Joe fixed his eyes on it as he crawled. A rock jutting up on the beach, a few hundred yards from him. All he had to do was reach it.

The men of the 1st Infantry Division, Company B, were floundering toward dry land, kicking, thrashing, coughing, dragging each other to shore. Those who were alive were. The other members of Company B were bobbing in the water, floating face-up, face-down, dismembered, water-logged, bloody and wearing vacant expressions. The ratio of alive to dead wasn’t good. In his disoriented state, this still registered. There were more floating in the water than snaking along the sand. Omaha Beach was the scene of a massacre.

But the rock was still there. And surprisingly there was still life in his limbs. He kept moving, eating sand, eyes burning, muscles screaming, mouth dry and nerves taut.

Thwack. Bullets penetrating the sand.
Scream. The soldier on his left lost his hand.
Moan. The man in front of him crumpled.
Roar. The flamethrower was a monster.
“Mama.” There was no shame today. They were boys, trying, fighting, losing, reaching out for comfort in their last moments.

Joe wanted to help the kid writhing in red-blood sand to his left. But he had no medicine or bandages and they were exposed to enemy fire. Every second was one bullet from death.

“Sssshh, kid. It’s going to be all right.”

“Help, please. Help.”

Joe put out his hand and squeezed the kid’s shoulder. But with his next breath, blood spewed out from the cavity in his abdomen. It was a veritable gush, a crimson tidal wave. He gripped the boy’s hand. “‘The Lord is my Shepherd, I shall not want. . . ‘”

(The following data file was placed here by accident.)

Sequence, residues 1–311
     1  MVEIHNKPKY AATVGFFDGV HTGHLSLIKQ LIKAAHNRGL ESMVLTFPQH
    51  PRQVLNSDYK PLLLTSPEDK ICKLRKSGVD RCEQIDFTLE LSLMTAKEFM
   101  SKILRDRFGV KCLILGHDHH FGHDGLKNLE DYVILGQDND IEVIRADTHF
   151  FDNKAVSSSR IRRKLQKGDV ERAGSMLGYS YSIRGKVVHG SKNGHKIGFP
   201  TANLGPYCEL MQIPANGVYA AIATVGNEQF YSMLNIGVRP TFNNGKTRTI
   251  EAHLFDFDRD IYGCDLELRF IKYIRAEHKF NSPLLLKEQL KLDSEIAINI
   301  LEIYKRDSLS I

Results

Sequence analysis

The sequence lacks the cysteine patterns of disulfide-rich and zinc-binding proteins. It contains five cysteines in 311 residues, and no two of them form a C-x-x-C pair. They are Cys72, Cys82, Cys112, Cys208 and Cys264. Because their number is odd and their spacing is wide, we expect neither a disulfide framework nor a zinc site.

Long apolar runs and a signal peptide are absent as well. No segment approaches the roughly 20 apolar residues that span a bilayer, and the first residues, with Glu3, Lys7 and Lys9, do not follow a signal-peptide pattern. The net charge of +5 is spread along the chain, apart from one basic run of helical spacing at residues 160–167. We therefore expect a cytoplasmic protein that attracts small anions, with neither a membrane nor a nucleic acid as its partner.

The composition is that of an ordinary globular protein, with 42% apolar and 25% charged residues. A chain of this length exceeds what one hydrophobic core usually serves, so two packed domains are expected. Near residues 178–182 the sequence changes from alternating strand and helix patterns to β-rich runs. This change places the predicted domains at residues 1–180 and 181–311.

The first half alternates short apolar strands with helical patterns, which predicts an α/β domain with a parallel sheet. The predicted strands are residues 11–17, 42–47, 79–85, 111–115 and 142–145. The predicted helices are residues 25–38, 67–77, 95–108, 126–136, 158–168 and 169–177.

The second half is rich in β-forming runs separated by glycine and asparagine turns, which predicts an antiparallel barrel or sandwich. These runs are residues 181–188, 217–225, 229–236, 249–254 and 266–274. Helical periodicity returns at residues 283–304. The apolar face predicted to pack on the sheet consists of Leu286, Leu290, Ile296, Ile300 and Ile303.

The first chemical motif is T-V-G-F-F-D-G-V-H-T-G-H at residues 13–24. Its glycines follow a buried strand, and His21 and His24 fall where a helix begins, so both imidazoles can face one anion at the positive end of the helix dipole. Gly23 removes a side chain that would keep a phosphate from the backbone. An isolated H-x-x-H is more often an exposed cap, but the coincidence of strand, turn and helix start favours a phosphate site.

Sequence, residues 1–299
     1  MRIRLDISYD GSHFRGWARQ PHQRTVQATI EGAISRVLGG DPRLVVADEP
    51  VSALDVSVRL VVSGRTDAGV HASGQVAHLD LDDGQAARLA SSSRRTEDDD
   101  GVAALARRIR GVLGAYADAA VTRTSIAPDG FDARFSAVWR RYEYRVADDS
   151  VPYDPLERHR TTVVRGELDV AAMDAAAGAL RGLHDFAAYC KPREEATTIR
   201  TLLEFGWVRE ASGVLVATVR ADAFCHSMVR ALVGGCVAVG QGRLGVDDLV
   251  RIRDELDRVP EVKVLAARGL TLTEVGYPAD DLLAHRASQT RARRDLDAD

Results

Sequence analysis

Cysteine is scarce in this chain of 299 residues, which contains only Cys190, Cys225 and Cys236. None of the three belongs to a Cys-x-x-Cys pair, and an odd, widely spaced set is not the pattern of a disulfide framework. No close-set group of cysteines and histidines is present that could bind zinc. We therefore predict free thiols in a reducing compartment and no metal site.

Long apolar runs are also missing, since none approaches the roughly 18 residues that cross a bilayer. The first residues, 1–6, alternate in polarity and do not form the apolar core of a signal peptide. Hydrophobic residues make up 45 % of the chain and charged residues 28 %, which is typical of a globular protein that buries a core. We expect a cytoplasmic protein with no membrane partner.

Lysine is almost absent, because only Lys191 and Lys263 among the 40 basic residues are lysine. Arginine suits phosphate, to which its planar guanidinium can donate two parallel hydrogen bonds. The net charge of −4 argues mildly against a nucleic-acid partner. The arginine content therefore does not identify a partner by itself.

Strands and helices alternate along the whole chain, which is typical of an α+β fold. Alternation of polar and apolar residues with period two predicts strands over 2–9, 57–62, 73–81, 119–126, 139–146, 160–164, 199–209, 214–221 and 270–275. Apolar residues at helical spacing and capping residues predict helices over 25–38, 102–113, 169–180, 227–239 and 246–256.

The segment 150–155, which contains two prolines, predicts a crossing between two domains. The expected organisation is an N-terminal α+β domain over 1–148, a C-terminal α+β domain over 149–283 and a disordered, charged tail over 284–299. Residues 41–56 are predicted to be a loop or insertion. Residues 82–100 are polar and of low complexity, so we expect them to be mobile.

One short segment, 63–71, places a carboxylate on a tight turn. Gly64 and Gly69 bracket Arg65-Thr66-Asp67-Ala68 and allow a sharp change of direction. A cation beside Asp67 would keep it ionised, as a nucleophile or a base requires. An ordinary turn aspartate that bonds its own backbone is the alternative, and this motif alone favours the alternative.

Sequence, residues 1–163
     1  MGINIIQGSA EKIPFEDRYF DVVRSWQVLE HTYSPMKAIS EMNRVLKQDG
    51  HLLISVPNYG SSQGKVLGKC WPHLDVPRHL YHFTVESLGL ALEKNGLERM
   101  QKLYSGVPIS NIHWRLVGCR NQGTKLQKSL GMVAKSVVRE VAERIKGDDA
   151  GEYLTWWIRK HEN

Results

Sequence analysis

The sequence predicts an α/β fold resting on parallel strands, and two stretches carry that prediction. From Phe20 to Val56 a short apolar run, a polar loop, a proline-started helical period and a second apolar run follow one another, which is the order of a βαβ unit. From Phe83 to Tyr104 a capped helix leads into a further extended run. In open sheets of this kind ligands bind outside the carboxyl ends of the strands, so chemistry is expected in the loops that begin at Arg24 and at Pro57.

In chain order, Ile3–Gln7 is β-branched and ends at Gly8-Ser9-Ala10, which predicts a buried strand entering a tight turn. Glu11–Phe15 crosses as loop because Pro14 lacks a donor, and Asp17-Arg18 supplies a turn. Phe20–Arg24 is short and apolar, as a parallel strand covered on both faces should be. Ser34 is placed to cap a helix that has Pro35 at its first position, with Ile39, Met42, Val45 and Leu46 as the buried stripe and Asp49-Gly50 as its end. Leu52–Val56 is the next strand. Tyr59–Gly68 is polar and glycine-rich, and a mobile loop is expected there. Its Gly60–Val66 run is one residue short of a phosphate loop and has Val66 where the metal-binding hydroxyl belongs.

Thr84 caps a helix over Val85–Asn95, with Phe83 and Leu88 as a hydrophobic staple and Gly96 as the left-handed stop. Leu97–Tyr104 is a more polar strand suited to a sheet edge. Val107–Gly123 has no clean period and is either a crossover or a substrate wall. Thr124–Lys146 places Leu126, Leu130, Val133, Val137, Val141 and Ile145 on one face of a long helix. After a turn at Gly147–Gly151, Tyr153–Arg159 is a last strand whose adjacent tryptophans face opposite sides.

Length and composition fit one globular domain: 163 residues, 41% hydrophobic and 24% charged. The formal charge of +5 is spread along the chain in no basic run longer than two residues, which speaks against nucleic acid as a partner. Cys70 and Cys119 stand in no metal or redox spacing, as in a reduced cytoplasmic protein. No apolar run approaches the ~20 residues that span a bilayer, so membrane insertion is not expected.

The kid picked up the words, his wild eyes locked on Joe’s and his voice growing weaker until it was finally cut off by gurgles. His eyes fixed, his head lolled. And there was no one to clean him up and give him the final dignity of a calm moment. Joe pried his fingers loose and kept crawling.

The piece of rock was closer now. His leg muscles were on fire. His lungs felt heavy. He had trouble breathing. He dug his nails into the sand and kept crawling.

Ahead, he thought he saw Germans. And for a moment he considered jumping up and taking a shot. But he didn’t. He kept crawling.

It happened so suddenly he didn’t even have a warning. That’s usually the way it is. And the white-hot second that startled him didn’t last. He only knew he was dying because the beach began to fade away and the noise became silence.

They say there are no atheists in foxholes. It is certain there are no rebels squirming on battlefields. Joe did what only God knows how many others have done. He reached out with his gasping breath to the One who walked the beaches of Normandy on June 6, 1944.

The mass of pillaged bodies awash in pink waves were not without a Presence. No one died alone that day. And He ran to any who would turn to Him at the very edge of eternity.

Joe didn’t make it to the piece of rock. In fact, there wasn’t a rock at all. After all, why can’t a God who isn’t willing that any should perish cause a helmet to look like a rock so that one more soldier might have time to pray?

The Allies took the victory that day. Against evil. And we remember it. We honor those men, those boys, those Americans, whose courageous spirits hallowed a common piece of shoreline.
D-day.
June 6, 1944.

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